5 Min Read
FRANKFURT/DUBLIN (Reuters) - The European Central Bank appears happy to leave Ireland and Portugal to fend for themselves, holding off directly buying the bail-out recipients' debt unless markets turn sour again.
Both Ireland and Portugal have re-entered sovereign bond markets recently, but the ECB has left investors and governments guessing about when it could use its new bond-buying programme, known as Outright Monetary Transactions (OMT).
The Irish are keen to have access to the programme - a yet-to-be-used tool the ECB unveiled to fight the euro zone crisis last September. Since then Spanish and Italian bonds yields have fallen sharply on the mere threat of ECB intervention.
But the ECB is showing no signs of coming to the aid of Ireland and Portugal. It has also rejected Ireland's preferred solution to a dispute over the cost of servicing money borrowed to rescue a failed bank, EU sources familiar with the talks said.
ECB President Mario Draghi would not be drawn directly into the Irish situation when asked this month about using the bond purchase plan.
"On Ireland and whether it qualifies for OMTs or not, I have said repeatedly what the prerequisites for access to OMTs are," Draghi told a news conference. "You know what they are."
Despite Draghi's assertion, analysts and governments are still in the dark about how the OMT works with countries already under bailout programmes rather than those that might in future apply for a bailout.
Bond issues in different maturities and foreign investor demand for them would be needed at the minimum - neither of which are firmly in place in Ireland and Portugal.
The European commissioner for economic affairs, Olli Rehn, said last week one option could involve providing a precautionary credit line from the euro zone bailout fund, which could be enough for the ECB to step in. The idea would be to encourage investors to buy.
But a source familiar with ECB thinking said that the central bank did not favour helping Ireland or Portugal by purchasing their bonds.
"I think there's a majority in the board that would rather not use OMTs for that kind of purpose," the source said. "The spreads reflect credit risk, which is not something you can or should diminish with the OMT."
When the programme was first unveiled in September, the clear targets were Spain and Italy, neither of which has applied for a full bailout from international lenders.
But the ECB also said purchases "may also be considered for member states currently under a macroeconomic adjustment programme when they will be regaining bond market access."
That would include Ireland and Portugal.
Later, the phrasing was adjusted to "full" and "complete" market access which raised the question of why countries with full access would need the ECB to intervene in the first place.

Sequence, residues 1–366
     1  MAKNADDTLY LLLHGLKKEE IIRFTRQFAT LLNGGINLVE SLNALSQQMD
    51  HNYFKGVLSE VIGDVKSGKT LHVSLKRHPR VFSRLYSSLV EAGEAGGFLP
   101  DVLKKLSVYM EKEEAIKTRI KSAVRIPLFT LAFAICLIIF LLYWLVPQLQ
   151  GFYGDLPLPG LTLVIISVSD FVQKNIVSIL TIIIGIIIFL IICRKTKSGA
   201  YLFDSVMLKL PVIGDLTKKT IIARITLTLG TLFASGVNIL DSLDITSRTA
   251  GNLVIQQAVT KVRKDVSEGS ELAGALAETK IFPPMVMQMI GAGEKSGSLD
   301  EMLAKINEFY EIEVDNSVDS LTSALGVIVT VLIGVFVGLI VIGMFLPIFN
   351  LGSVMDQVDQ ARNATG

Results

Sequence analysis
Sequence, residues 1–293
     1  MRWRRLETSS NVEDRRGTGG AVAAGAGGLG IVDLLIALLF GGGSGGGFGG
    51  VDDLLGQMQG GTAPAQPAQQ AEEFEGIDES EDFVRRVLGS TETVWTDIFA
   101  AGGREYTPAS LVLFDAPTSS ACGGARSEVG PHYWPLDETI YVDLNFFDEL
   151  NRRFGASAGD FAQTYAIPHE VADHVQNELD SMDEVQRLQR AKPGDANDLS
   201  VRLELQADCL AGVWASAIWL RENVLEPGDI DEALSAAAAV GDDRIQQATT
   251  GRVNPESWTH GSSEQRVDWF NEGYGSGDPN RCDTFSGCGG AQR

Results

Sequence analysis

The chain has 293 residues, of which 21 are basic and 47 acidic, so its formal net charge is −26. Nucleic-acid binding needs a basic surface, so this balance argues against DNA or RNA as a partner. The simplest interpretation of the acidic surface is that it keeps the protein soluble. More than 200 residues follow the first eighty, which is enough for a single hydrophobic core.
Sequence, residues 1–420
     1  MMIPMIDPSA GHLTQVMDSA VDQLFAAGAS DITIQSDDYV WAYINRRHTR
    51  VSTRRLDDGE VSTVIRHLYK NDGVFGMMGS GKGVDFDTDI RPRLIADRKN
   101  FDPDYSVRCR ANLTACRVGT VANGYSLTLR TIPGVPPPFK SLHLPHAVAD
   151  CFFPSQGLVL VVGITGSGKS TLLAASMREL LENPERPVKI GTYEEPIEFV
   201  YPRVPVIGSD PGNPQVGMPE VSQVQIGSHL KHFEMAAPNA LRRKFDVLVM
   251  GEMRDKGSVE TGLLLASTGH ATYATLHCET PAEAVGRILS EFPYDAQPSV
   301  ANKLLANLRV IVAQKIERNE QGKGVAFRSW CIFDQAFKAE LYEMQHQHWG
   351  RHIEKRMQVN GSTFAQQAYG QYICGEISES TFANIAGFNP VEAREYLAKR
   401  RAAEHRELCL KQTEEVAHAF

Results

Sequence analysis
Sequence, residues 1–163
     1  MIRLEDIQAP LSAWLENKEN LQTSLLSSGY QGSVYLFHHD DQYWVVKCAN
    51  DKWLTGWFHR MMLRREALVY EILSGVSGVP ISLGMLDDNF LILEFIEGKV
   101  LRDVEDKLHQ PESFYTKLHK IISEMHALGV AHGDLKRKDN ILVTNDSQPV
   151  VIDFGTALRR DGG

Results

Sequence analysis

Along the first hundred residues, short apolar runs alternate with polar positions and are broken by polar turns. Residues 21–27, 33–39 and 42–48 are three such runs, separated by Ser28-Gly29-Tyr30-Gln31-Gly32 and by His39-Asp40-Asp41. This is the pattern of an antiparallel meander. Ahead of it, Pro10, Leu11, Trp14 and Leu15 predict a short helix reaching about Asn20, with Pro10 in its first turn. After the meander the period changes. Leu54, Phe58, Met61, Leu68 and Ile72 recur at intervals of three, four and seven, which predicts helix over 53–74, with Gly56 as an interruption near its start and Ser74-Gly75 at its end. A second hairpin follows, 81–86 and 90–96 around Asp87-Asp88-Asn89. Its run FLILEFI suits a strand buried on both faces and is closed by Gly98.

"Constructive ambiguity is part of having a deterrent," ABN Amro economist Nick Kounis said. "The OMT is not an instrument of incremental support, it's textbook bazookanomics."
It was a reference to firing a big strong response at an economic or market problem.
Similarly, it does not want to set the rules in stone so that it can quickly jump in if needed.
"ECB is still very non-transparent about OMT, and for good reasons," Commerzbank rate strategist David Schnautz said. "The ECB can soften its stance if there is a big-time hiccup."
The ECB's ambiguity may be designed to help it never actually having to use the programme, just its threat.
But EU politicians are eager for the ECB to get involved, as it would ease their load and reduce the need for government guarantees for any additional bailouts - credit rating agency Fitch has said Portugal is likely to need another round of help.
It is behind Ireland in gaining market access, but has managed to dip a toe in. It sold 2.5 billion euros of bonds on Wednesday, marking the country's first long-term debt issue since it was bailed out in 2011.
In Ireland, debt chief John Corrigan has said a resumption of monthly auctions could do the trick while finance minister Michael Noonan has said issuing a new benchmark bond on two occasions would be needed.
Ireland expects the OMT issue to come to the fore "towards the back end of 2013", a senior Irish official told Reuters.
But with the strong run in Irish debt pushing five-year yields to or just under 3 percent, the government needs to keep its ambitions for ECB help in check.
Additional reporting by Daniel Alvarenga and Paul Taylor Editing by Jeremy Gaunt